Author(s): Kharitonov SA, Yates D, Robbins RA, LoganSinclair R, Shinebourne EA, , Kharitonov SA, Yates D, Robbins RA, LoganSinclair R, Shinebourne EA,
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Abstract Nitric oxide (NO) gas is produced by various cells within the lower respiratory tract, including inflammatory and epithelial cells, and is detectable in the exhaled air of normal human subjects. We have measured exhaled NO in patients with asthma, since several cell types that are activated in asthma can produce NO after induction. NO was measured reproducibly by a slow vital capacity manoeuvre and an adapted chemiluminescence analyser. NO was detectable in exhaled air of 67 control subjects (mean peak concentration 80.2 [SE 4.1] ppb) and was significantly reduced by inhalation of the specific NO synthase inhibitor NG-monomethyl-L-arginine. 61 non-steroid-treated asthmatic subjects had significantly higher peak expired NO concentrations than controls (283  ppb, p < 0.001) but 52 asthmatic patients receiving inhaled corticosteroids had levels similar to controls (101  ppb). High exhaled NO concentrations in asthmatic patients may reflect induction of NO synthase, which is known to be inhibited by steroids. Measurement of exhaled NO concentrations may be clinically useful in detection and management of cytokine-mediated inflammatory lung disorders.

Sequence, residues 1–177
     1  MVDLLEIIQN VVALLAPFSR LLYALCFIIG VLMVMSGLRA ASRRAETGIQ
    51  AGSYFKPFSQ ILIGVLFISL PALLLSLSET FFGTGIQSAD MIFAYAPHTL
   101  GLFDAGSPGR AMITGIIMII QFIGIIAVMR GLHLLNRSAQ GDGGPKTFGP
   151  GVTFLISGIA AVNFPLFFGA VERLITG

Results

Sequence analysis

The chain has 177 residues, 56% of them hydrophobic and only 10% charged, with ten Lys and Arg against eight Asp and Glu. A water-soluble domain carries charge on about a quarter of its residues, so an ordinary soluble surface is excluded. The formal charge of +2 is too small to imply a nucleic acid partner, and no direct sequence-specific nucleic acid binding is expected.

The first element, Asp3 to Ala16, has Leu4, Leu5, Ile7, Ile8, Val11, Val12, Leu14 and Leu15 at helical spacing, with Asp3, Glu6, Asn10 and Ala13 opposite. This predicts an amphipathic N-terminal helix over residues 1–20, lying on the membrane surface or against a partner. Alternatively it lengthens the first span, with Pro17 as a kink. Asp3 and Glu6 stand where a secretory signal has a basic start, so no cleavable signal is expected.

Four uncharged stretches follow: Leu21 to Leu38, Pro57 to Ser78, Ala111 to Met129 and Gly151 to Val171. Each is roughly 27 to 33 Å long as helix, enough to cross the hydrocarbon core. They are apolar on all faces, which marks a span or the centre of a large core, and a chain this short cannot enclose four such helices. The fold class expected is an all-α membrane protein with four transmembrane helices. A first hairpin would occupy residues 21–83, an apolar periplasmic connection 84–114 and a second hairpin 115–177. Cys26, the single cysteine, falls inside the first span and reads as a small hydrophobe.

This article was published in Lancet
and referenced in Immunome Research